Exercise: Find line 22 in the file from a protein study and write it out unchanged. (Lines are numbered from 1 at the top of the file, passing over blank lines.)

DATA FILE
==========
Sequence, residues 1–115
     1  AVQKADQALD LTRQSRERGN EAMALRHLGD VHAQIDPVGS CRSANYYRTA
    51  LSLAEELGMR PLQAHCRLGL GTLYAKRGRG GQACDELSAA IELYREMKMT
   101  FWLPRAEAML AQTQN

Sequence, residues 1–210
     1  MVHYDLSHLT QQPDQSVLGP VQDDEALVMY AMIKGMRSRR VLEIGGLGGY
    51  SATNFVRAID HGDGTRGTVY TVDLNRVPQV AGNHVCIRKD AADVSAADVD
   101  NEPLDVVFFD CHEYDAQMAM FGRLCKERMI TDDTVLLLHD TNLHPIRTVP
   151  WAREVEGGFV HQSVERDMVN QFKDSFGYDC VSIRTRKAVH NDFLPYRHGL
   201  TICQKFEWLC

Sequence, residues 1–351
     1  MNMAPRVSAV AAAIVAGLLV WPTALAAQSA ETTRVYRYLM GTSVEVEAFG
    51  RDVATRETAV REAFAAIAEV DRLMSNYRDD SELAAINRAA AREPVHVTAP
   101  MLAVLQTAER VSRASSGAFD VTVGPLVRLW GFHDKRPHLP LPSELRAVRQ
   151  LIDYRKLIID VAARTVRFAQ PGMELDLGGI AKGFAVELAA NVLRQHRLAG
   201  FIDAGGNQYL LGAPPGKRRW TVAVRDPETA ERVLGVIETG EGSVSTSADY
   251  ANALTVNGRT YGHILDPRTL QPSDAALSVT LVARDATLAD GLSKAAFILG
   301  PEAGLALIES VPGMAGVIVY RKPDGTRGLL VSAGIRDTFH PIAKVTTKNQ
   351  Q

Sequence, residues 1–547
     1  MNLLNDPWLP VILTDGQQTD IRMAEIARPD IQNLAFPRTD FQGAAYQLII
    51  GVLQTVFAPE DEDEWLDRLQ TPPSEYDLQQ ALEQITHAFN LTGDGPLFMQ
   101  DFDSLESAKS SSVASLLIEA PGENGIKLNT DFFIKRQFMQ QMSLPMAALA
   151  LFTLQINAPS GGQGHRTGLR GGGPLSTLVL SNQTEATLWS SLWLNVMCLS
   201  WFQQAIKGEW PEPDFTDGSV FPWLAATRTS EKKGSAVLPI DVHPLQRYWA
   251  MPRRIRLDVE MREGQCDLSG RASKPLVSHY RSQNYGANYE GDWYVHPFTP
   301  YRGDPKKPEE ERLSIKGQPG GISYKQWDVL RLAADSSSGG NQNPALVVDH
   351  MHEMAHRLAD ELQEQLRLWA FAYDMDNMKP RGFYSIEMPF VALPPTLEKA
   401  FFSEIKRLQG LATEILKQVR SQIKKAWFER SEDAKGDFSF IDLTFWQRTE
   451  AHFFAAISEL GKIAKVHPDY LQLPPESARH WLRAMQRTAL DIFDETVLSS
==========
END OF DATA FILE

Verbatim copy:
    51  GVLQTVFAPE DEDEWLDRLQ TPPSEYDLQQ ALEQITHAFN LTGDGPLFMQ